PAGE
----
The newspaper I work for has this every-once-in-a-while food feature in which staffers share a personally significant recipe along with a little bit about why it matters to them.

One of my favorites among the stories my dad tells is about an Italian deli near where he works. The story is mostly about the smell of the place. The meats and the brine. How, even as an adult, walking into that place and smelling that smell brings back the feeling of going there with his own dad. Sensory memory. I love it. And this food feature is a little like that, I think.

One of our very good friends contributed a piece about a lentil soup he and his wife – before she was his wife – ate every morning during a long swing through Turkey they once had. And the photographer who shot our wedding wrote about shrimp enchilladas. On their first date, he and his wife went to an enchillada-themed restaurant and he’s been refining his version of the dish they ate there ever since.

Fun, right?

I was thinking I might ask to write one about capirotada. It’s a bread pudding I learned to make when David and I lived in England. Out of necessity because the bread we bought in supermarkets there went moldy after just a couple of days and we hated to throw it all away. And out of sentiment because I was homesick. My capirotada recipe is written somewhere in the middle of a little diary I was keeping at the time. So when I pull it out, I’m also reading about things I was thinking and seeing and worrying about when I was 22ish.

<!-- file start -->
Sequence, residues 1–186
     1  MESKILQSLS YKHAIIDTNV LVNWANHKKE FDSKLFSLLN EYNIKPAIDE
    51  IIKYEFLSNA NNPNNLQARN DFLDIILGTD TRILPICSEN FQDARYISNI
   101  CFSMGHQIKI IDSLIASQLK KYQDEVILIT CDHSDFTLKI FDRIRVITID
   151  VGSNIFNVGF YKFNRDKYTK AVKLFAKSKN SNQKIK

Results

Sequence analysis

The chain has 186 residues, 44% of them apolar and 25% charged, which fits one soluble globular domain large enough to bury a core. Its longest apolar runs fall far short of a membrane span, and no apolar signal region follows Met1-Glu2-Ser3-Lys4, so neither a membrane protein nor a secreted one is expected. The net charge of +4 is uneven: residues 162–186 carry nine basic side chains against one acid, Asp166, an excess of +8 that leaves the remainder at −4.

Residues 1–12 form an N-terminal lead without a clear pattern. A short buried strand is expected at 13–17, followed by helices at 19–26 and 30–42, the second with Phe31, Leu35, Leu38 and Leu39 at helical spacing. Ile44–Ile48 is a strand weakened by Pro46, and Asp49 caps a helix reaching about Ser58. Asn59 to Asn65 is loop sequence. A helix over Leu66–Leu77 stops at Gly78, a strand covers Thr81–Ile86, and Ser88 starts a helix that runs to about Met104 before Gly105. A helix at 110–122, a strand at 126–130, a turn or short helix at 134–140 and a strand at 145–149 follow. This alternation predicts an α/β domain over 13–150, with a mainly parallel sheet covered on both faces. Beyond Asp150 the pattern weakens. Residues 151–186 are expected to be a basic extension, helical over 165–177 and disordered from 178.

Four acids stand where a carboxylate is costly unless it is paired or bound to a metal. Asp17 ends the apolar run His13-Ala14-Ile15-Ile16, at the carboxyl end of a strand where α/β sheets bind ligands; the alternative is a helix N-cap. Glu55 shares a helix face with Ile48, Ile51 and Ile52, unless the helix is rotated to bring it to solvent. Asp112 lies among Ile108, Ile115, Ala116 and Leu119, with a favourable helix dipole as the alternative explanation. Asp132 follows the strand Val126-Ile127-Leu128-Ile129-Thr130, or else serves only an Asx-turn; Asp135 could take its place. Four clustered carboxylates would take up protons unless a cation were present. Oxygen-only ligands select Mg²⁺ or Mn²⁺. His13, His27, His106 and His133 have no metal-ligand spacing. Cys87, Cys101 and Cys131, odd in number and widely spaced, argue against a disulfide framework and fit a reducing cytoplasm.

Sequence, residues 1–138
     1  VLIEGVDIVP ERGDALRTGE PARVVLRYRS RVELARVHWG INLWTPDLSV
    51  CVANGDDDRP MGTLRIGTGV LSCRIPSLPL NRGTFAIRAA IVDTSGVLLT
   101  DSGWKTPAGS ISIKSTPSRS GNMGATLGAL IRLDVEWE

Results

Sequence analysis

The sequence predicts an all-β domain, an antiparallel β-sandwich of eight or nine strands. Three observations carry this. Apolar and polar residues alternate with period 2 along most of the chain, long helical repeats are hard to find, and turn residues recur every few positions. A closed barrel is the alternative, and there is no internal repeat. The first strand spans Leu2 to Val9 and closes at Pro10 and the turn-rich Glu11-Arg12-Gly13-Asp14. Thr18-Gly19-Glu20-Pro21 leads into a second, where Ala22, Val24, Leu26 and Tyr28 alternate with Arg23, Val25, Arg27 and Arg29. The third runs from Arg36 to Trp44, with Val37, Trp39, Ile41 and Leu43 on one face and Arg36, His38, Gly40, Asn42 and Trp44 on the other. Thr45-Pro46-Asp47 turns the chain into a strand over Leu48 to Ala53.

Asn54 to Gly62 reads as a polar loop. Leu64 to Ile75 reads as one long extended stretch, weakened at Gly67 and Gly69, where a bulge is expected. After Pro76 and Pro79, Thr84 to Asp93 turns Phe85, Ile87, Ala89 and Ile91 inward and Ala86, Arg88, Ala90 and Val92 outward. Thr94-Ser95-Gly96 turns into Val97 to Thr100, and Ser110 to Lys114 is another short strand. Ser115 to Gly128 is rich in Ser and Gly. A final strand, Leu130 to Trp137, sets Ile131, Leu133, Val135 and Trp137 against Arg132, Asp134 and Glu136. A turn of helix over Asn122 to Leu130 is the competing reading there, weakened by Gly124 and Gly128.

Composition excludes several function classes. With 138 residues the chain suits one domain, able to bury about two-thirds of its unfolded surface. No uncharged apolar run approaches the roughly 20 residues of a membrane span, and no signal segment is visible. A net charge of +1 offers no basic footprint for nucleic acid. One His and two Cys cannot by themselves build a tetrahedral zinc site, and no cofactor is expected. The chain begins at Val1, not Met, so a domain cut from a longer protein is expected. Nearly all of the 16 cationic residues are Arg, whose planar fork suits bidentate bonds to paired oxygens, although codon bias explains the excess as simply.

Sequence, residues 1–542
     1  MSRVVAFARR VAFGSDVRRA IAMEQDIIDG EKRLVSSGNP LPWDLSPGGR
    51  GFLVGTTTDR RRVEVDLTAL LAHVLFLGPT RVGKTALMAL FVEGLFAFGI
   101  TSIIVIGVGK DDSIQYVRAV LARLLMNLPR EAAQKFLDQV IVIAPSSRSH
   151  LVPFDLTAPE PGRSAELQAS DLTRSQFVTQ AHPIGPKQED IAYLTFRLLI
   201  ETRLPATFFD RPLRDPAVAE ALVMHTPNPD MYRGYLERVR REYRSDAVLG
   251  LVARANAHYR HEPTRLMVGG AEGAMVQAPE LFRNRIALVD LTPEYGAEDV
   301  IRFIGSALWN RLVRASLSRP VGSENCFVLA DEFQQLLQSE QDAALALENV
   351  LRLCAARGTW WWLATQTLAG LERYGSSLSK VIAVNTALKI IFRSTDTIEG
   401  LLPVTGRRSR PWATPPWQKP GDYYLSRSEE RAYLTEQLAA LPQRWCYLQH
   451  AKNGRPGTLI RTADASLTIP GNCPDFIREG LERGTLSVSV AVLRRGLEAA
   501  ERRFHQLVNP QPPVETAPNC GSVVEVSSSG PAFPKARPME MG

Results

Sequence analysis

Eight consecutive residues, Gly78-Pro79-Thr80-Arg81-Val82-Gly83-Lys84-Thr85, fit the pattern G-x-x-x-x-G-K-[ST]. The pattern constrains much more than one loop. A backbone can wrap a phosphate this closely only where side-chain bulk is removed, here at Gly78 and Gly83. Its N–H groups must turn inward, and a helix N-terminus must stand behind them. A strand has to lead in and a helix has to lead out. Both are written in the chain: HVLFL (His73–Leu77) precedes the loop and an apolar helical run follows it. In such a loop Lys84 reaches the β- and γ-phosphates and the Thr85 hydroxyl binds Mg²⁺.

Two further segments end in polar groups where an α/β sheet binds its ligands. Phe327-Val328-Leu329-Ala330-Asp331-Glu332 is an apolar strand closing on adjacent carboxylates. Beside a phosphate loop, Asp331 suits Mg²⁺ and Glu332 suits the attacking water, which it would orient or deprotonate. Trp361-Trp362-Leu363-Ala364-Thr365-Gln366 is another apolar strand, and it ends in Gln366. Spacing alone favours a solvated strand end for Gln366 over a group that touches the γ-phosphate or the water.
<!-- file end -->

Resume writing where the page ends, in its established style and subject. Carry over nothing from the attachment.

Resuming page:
But then I thought it would be even neater to do one on making Alice’s babyfood at home. I thought I’d wait until I’d tried it a few times and found a recipe and method that worked consistently. And there were some books on infant nutrition I was going to borrow from the library.

This weekend I decided just to wing it.

And realized that “Peel, steam, mash” does not make for very captivating prose.

But it does produce tasty baby yams!

"If they're so good, why the sour faces," you ask. Well. Because she feels there should be a spoon in her mouth. Right now. Where is it?

OK. Perhaps I made it sound easier than it really was: After I peeled, but before I steamed, I chopped. Also, the mashing was done mechanically – in a blender set to “puree,” to which I added a little water and a sprinkle of brown sugar.

I went with yams because I’ve read it’s a good first food and I already know she likes them. And they did actually taste yammier than the jarred version. Alice’s pediatrician said they would, but I didn’t really believe her. We’re going to try carrots next.

Seriously. She can deal with it herself.

Oh, wow. It is nice when things are simpler than expected.


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